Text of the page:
New project will help grow future Forest guardians
Our ‘Growing Future Forest Guardians’ project will take place over the next two years and focuses on biodiversity and people. Encompassing habitat restoration and enhancement, and opportunities for younger generations and people from a wide range of backgrounds to form long-lasting connections to the natural world, the project will have wide-reaching benefits.
A transformative project
Made possible thanks to a grant from the Government’s £40 million second round of the Green Recovery Challenge Fund, the project will enable mature woodland and grassland to be significantly restored and enhanced, and a wide range of volunteering and education opportunities offered.
Work has already begun with the recruitment of Biodiversity Officer Tasha and Education Officer Ellie, and infrastructure work is underway to get the site ready.
Benefits to biodiversity
One of the main goals of the project is to restore and enhance the habitats and wildlife that already exist at Gorcott Hill, a 62-acre site near Redditch. The site contains ancient semi-natural woodland, hedgerows, grassland, and ponds, which are all priority Biodiversity Action Plan (BAP) habitats. The work will improve conditions for wildlife and maximise the potential of the site through good management of woodland and grassland.
The site is a fantastic habitat for a range of species. We will be surveying throughout to ensure we are optimising habitats for the wildlife that lives there, and will include seasonal surveys for bats, butterflies, bees, and birds.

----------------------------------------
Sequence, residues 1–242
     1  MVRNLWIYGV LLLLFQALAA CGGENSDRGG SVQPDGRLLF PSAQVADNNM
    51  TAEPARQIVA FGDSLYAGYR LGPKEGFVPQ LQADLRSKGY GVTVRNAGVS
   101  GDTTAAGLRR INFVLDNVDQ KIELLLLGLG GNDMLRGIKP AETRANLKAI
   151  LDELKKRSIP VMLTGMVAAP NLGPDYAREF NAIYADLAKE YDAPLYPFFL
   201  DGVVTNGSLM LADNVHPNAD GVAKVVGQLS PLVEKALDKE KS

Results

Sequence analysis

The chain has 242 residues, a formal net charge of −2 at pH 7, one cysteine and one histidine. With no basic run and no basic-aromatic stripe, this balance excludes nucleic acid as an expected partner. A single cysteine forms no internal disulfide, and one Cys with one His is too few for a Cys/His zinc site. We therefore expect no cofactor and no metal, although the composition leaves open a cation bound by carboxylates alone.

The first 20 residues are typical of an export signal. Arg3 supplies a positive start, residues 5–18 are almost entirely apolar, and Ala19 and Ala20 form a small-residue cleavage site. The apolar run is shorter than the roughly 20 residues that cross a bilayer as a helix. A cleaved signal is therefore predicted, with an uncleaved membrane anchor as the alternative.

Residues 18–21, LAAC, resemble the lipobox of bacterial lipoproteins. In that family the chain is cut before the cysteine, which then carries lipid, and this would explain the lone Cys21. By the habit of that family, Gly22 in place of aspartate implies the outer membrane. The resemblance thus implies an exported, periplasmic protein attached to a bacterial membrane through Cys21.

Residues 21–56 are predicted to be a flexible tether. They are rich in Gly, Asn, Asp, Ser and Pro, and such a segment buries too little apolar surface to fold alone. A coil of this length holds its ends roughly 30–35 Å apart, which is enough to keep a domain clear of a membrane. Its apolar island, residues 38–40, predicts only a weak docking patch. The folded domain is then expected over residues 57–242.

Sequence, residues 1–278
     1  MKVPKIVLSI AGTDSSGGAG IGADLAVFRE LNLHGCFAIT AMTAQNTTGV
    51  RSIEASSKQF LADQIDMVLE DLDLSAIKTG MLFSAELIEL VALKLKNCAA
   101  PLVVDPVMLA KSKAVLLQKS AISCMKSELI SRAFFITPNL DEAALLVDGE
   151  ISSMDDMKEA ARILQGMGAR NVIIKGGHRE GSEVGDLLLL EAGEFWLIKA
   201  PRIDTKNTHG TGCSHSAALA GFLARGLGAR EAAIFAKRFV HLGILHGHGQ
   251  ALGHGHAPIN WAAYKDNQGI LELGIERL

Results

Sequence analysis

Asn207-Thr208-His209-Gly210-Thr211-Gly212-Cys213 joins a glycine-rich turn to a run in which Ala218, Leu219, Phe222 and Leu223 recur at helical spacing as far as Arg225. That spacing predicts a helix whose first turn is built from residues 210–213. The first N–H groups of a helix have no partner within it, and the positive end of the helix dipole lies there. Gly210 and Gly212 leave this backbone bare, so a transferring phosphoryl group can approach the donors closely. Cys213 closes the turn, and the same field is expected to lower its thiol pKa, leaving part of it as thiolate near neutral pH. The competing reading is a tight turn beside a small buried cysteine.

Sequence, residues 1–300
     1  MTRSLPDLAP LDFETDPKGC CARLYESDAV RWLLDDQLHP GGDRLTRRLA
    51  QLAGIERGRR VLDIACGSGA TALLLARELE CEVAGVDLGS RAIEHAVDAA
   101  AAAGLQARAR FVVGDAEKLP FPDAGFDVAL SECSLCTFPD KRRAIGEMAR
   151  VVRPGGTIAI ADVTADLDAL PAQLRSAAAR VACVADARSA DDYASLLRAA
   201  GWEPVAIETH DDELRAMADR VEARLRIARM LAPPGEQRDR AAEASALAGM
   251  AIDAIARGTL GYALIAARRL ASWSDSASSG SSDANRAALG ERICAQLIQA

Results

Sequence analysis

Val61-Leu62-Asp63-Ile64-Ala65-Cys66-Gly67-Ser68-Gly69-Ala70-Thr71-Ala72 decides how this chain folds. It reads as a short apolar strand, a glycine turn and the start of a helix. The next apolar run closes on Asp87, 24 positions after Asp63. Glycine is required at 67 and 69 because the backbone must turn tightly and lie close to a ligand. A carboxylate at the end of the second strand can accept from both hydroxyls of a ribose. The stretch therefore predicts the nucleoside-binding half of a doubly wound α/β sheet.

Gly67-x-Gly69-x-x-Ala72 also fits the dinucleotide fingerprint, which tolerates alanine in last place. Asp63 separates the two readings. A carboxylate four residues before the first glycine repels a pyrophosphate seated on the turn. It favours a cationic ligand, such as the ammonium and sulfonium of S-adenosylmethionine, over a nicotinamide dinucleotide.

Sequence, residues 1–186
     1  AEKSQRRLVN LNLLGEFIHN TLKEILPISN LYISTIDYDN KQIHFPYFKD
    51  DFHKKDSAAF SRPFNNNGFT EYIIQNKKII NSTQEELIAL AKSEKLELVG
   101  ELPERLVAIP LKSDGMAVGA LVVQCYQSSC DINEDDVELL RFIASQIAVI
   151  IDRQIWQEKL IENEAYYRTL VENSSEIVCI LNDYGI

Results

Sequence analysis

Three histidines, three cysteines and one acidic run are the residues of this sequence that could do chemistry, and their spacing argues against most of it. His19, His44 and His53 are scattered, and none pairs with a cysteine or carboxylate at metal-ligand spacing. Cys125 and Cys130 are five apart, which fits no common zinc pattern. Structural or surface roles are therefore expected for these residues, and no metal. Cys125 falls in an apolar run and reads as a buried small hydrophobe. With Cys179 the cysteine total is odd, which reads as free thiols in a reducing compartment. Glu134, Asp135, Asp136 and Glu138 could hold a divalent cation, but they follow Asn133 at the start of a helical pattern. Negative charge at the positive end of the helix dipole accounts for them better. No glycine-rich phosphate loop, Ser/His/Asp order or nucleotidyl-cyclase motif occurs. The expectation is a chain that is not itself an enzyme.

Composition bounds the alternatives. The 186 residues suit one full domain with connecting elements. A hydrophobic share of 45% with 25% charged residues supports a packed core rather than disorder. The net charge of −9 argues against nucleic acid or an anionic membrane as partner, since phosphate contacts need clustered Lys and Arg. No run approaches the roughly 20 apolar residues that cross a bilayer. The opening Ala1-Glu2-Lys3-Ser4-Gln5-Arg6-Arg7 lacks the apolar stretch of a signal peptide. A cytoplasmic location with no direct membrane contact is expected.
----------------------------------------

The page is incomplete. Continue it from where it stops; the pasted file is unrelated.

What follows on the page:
Gorcott Hill will also be one of the sites on which we will introduce livestock to carry out low density conservation grazing, benefiting the botanical diversity within the sward.
Working with young people
By providing practical opportunities for the younger generations to learn, volunteer, and forge strong, long-term connections with the natural environment, we will engage and encourage the future Forest guardians who will care for the Forest for the years to come.
Throughout the 19-month project, the Heart of England Forest will provide bespoke Forest learning programmes for schools, a tailored volunteering programme that develops skills and pathways into employment, and opportunities for these groups to increase their connection with nature.
A place to learn for all
We want the Gorcott Hill site to be neurodiverse as well as biodiverse. The natural world can provide a peaceful environment where neurodiverse people can thrive. Our volunteering opportunities for young people and adults with Special Educational Needs and Disabilities (SEND), and our Supported Internship programme, also provide opportunities for skills development and pipelines into outdoor careers.
Expanding volunteering opportunities
The project will also increase our volunteering opportunities in the Forest with a focus on involving groups of disadvantaged adults, including those out of work, with learning disabilities, or disproportionately affected by Covid-19 through job loss or interrupted education.
Meet our Biodiversity Officer Tasha and find out more about volunteering opportunities at Gorcott Hill.